Better Living through Multicast DNS

Parallels is a very nice way to run more than one operating system at once on any Intel based Mac. You do need a fair amount of memory to be able to run it comfortably. Still, going to an after-market retailer for the extra memory is well worth the investment. This is especially true for web developers who have to test against multiple versions of multiple browsers. Or simply the bane of my existence: Internet Explorer.

I have a couple of virtual machines that run Windows XP Professional. One has IE6 installed while the other has IE7. This helps ensure that my markup, JavaScript and styling does work for the browsers that we are targeting. Apparently, our target users haven't converted to Mac OS X or at least upgraded to Firefox. It's a shame really...

A nice thing with Parallels is that the host computer has a relatively stable address that is accessible to the guests OS. You still have to figure out what it is though. It's not really hard, but I would rather remember a name than an IP address.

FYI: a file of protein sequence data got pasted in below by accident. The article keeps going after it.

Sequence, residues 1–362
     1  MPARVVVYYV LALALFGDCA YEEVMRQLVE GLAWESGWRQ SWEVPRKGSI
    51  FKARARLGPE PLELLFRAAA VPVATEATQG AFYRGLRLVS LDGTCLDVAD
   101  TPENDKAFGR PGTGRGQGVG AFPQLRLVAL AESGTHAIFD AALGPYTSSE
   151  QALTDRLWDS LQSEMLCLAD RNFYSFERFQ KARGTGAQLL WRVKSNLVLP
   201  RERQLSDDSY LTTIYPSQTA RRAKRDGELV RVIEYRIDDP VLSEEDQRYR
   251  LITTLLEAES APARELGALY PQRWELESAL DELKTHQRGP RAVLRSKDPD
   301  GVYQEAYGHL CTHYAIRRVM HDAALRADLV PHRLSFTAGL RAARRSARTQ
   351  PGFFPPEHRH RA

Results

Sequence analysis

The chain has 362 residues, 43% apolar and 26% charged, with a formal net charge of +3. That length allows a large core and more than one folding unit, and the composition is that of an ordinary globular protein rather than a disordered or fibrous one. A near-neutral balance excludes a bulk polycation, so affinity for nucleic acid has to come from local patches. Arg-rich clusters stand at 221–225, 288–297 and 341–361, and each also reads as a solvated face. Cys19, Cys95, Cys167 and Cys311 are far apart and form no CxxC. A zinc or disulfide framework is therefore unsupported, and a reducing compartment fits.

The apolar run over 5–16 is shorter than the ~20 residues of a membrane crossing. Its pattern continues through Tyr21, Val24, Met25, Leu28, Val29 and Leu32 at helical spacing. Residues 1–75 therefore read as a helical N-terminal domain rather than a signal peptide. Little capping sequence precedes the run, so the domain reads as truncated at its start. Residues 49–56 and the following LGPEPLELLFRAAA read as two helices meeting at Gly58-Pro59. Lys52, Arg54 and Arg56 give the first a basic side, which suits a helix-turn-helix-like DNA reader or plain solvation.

Apple's Bonjour networking helps a lot. It uses a technique called Multicast DNS (mDNS) to resolve host names that aren't defined in a formal DNS server. You don't even need a DHCP server to get this to work. All Macs have a name. My MacBook Pro is called Defiant. mDNS host names lives in the .local top level domain. So, to get to the HTTP web server on Defiant, I can point my browser to http://defiant.local/ and get a web page.

Microsoft doesn't quite support mDNS. Well, they don't support Apple's implementation of mDNS to be precise. Apple does provide a download of Bonjour for Windows which fills that gap. Installing it is as easy as downloading the file and running an installation wizard. You don't even have to reboot (which is a rarity under Windows). At that point, I am also able to open up IE in a virtual machine and point it to http://defiant.local/ to retrieve the same web page. No more guessing at IP addresses for me.